Can I be a strong woman without being independent?
This post has been loitering around in my drafts (unwritten I might add, but with the idea there) for months, but it seems important now more than ever. The recent Women's Marches against Trump and his policy have seen a weird strike back, with a whole load of people asking 'why did their husbands let them out'. In a disturbing way it's a little reminiscent of the old classic, 'who let the dogs out?', so why are people asking that about women? Everyone who joined in on the marches is simply exercising their autonomous right to go out and do what they believe in, and yet it's caused such controversy.
You see, there's this obsession on the internet with the #girlboss, the strong independent woman 'who don't need no man' and it's more than a little damaging. Before I go on, I think these notions in themselves are brilliant. Women don't need a man to be complete, or to be strong. But it creates this weird atmosphere around the woman who does rely on someone else for support.
When I was at uni I remember hearing somebody say 'yeah, she says she's a feminist, but she wears makeup and has a boyfriend, so it must be bullshit' about a fellow student of ours. And that's where the obsession with independence goes a little haywire. You're either alone, or you're 'let out' by the man in your life. There is no in-between. Except there is. And it's a big in-between. And it's been neglected and vilified.
This avoidance of the in-between is as old-fashioned as the notion that a woman can have a career or be a mum. And there's only one option that a feminist would choose, right? Wrong. You can have both. The whole point of feminism is that you have the right to choose. Some women don't want to be mothers, and that's cool; in the same way, some women want a family, and that's okay too.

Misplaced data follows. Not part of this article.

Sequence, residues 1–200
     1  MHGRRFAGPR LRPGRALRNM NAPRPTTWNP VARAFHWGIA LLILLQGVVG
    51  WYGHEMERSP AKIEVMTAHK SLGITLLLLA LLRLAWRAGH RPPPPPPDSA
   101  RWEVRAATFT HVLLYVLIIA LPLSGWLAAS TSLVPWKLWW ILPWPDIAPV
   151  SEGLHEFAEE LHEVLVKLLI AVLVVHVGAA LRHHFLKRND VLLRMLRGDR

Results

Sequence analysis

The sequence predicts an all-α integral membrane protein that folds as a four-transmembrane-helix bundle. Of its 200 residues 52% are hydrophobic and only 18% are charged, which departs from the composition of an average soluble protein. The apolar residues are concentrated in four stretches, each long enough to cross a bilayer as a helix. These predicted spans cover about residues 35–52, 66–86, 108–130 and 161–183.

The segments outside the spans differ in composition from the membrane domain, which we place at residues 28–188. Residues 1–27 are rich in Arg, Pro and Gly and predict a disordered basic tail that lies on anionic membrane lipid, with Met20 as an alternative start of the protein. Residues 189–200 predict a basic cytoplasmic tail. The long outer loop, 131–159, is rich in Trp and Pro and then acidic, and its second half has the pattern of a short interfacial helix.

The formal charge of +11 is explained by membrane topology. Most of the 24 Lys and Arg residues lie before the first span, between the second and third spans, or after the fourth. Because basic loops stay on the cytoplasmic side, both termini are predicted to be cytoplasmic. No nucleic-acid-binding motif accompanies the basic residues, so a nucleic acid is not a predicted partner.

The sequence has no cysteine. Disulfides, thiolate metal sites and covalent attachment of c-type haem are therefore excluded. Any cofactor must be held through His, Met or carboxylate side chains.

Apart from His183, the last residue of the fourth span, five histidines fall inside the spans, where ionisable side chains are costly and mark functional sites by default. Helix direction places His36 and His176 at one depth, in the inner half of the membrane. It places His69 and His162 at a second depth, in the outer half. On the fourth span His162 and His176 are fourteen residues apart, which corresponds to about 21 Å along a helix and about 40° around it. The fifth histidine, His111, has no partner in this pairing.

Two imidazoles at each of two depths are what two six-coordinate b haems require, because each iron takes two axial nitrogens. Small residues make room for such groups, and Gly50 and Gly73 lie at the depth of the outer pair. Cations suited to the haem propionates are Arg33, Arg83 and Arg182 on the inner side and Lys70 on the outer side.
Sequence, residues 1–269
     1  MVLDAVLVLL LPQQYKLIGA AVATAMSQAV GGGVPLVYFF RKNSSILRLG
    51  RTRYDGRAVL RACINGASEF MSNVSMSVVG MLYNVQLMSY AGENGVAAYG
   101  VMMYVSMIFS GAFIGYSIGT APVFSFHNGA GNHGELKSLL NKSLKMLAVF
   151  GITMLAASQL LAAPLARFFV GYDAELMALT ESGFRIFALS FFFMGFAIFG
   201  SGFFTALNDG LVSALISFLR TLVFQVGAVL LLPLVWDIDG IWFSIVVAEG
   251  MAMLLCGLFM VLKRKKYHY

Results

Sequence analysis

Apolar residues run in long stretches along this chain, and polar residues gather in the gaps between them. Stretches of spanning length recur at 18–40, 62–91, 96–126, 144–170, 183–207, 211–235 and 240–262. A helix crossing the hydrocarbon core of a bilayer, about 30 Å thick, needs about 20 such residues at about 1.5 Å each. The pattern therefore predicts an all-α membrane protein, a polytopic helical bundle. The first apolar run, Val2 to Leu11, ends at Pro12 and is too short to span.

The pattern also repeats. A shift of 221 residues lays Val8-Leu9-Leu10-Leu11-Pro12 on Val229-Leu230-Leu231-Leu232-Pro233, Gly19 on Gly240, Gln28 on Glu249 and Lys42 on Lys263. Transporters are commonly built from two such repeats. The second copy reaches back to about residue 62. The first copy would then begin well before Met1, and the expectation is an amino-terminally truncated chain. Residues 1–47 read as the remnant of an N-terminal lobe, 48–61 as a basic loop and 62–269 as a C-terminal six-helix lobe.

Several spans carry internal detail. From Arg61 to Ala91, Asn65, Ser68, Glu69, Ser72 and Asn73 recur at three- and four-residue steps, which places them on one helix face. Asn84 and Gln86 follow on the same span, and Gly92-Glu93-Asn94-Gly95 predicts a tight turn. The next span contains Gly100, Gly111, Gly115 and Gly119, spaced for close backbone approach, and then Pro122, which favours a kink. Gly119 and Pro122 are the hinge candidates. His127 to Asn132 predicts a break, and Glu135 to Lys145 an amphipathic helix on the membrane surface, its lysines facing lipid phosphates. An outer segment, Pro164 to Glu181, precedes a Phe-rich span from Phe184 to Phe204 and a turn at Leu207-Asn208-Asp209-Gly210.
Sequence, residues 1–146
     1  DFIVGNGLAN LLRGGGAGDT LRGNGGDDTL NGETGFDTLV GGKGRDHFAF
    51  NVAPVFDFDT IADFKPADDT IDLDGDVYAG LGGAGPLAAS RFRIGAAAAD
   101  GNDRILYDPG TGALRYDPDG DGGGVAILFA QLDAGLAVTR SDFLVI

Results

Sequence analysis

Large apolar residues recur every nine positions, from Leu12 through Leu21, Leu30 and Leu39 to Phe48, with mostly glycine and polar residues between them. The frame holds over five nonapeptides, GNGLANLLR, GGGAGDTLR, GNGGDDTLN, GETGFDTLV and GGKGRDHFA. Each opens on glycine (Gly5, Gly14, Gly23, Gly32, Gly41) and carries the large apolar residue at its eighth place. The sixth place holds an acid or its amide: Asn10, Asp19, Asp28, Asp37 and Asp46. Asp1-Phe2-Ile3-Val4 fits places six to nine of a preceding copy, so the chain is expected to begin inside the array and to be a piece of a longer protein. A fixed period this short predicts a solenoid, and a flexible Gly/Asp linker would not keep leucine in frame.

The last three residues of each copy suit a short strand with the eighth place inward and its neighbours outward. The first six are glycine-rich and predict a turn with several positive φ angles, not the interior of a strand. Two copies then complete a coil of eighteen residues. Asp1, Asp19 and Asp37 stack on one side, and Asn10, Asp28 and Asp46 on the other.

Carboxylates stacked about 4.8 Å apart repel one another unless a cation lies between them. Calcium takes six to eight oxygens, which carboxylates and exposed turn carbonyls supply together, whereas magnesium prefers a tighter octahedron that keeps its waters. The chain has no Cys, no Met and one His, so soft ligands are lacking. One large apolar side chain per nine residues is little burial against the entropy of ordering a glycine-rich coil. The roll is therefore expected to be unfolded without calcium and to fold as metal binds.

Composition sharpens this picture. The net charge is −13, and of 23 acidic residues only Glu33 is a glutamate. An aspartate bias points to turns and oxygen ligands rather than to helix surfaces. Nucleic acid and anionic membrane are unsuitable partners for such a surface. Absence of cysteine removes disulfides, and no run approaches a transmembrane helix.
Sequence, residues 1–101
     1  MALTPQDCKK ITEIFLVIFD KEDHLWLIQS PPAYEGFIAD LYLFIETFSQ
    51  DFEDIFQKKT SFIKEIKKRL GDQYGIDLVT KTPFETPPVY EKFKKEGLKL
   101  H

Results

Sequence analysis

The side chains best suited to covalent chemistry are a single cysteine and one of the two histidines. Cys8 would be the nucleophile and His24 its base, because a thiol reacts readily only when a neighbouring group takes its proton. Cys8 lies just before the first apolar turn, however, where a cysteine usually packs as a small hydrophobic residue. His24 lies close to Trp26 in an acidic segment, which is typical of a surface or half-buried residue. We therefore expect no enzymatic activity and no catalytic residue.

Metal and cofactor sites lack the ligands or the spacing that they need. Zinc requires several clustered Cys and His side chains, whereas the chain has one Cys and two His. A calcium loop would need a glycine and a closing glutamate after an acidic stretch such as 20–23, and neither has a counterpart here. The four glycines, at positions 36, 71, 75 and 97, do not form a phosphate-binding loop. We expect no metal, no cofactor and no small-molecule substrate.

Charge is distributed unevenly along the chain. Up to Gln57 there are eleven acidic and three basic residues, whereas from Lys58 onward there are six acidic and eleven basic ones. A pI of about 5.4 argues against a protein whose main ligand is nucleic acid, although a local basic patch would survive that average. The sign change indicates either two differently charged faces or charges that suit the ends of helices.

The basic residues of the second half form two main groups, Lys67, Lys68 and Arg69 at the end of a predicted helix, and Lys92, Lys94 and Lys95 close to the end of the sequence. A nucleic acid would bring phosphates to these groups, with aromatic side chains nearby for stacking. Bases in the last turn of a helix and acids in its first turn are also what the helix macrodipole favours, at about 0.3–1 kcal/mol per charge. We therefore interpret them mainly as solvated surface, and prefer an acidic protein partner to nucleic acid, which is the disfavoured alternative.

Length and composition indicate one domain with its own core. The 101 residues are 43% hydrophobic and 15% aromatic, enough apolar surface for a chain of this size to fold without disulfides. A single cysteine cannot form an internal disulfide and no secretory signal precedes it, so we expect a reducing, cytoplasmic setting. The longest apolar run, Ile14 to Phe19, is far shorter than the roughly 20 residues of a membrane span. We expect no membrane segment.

It really all boils down to society's wish to categorise things. To label things. To wrap them up into neat little boxes and shut them away. Being a 'strong' woman must come through independence, or so it seems. But that's not necessarily true. Yes, it takes a lot of strength to be independent, but having people in your life that you rely on does not make you weak.
I personally get so many comments about why I consider myself to be a strong woman and a feminist when I cook dinner for me and my partner. Seriously. And I have to explain that cooking is something that calms my anxiety and makes me happy. And that's okay. Except it's not in the eyes of the media and so many individuals. Cooking for your partner fits into the 'anti-feminist' (I use quotation marks because it's simply incorrect) agenda, so I can't be seen as feminist. Or as a 'strong woman' because I support my partner in this way. But I am. Feminism is about choice. I choose to do it because I enjoy it. And I'm still strong, even though I support my partner. The fact that I've got to a state where my mental health is good enough that I can choose to support my partner shows I am strong. And he supports me right back too.
It's not just him I rely on though. I have my sister too. She's kind of my rock. if I need a pep up, or some advice I go to her. And she makes it all okay again. But that doesn't make me weak. I simply couldn't be a strong independent woman. I don't exist alone, in a little bubble of just me. I make my own money, I take care of my pets and I make my own choices about everything in my life. But I'm not independent. And that's okay.